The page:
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Addiction Behaviors Check List

marirlpnmmarirlpn Posts: 1,028
edited 06/11/2012 - 8:40 AM in Chronic Pain
This is an assessment tool that many pain management clinicians use on their patients. I found this quite interesting.


Best wishes,



  • I find these interesting because seriously how many chronic pain patients wouldn't identify with some of these questions? If getting the meds is the only way out of the pain, of course you're going to be asking about it. And if the pain is terrible, people might consider taking more than prescribed.

    I think the question doctors need to ask themselves before resorting to these questions is "is the patient's pain properly managed?" Because if the answer to that is no, then the other questions are moot.

    Personally, I am addicted to doing things that are hard on my back. I told the doctor straight up that I was not interested in taking less meds, I was interested in having more life. How do they differentiate? Or am I in the "addict" category?

  • This seemed more like a list of eligibility than not, who in pain would not be worried about supply and provision or the implication for both. Yes or No just does not cut it and although we understand that need for some assessment Melzack and Wall et al assessment in Textbook of Pain suggest that only 2% have potential for addiction and this seems a heavy handed approach for the majority.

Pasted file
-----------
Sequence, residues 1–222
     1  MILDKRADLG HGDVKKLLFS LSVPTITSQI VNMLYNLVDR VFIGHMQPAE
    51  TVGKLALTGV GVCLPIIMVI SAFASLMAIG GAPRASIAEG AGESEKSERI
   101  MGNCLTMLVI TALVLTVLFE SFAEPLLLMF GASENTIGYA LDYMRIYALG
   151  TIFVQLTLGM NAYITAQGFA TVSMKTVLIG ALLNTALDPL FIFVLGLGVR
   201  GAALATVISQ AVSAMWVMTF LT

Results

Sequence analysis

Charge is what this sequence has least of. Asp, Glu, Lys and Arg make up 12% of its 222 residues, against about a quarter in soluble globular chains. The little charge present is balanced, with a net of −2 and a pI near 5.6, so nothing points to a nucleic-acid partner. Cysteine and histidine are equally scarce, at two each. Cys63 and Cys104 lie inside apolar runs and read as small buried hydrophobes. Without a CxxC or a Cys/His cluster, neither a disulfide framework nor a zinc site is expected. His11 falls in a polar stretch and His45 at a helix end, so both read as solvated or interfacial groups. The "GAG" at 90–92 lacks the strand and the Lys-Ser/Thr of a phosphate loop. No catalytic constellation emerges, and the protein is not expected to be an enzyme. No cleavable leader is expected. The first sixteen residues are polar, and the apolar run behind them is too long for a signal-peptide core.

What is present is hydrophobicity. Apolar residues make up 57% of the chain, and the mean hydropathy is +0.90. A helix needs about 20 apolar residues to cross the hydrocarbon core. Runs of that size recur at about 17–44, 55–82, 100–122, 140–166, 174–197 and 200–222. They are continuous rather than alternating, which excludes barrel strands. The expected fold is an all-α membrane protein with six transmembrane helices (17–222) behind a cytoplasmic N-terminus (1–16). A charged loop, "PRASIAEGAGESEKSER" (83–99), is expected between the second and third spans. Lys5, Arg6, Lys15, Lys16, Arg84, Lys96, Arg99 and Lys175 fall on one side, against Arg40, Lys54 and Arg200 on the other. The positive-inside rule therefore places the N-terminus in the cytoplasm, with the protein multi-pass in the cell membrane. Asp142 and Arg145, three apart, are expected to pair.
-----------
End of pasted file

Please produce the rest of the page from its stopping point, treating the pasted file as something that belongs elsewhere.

I want the medication that works for me in adequate supply to my needs, this would read like a list of lack of care, we here understand the need by some requiring medication for an alternative motive and that has nothing to do with managing pain efficiently effectively or chronic issues.

  • It's important to keep in mind that this tool is not intended to be used as a single assessment. It's intended to track behavior and changes in behavior over time, in the context of a person's ongoing care.

    In the end, determining whether or not the presence of certain indicators indicates a problem comes back to the clinical judgment of the doctor.
  • There's actually far more research behind the assessment than it being a "VA form."
  • I read some of the research on this assessment. It's not a diagnostic assessment, just a screening- many people will answer yes to those questions and not be using narcotics improperly.

    And, indeed, it turns out that it only works if the pain is properly controlled.

    Anyone who is meeting a lot of those characteristics should be closely monitored- but isn't that just true of people who are on long-term opiate therapy? No doctor should be treating chronic severe pain patients without paying very close attention to how the opiates are affecting them.
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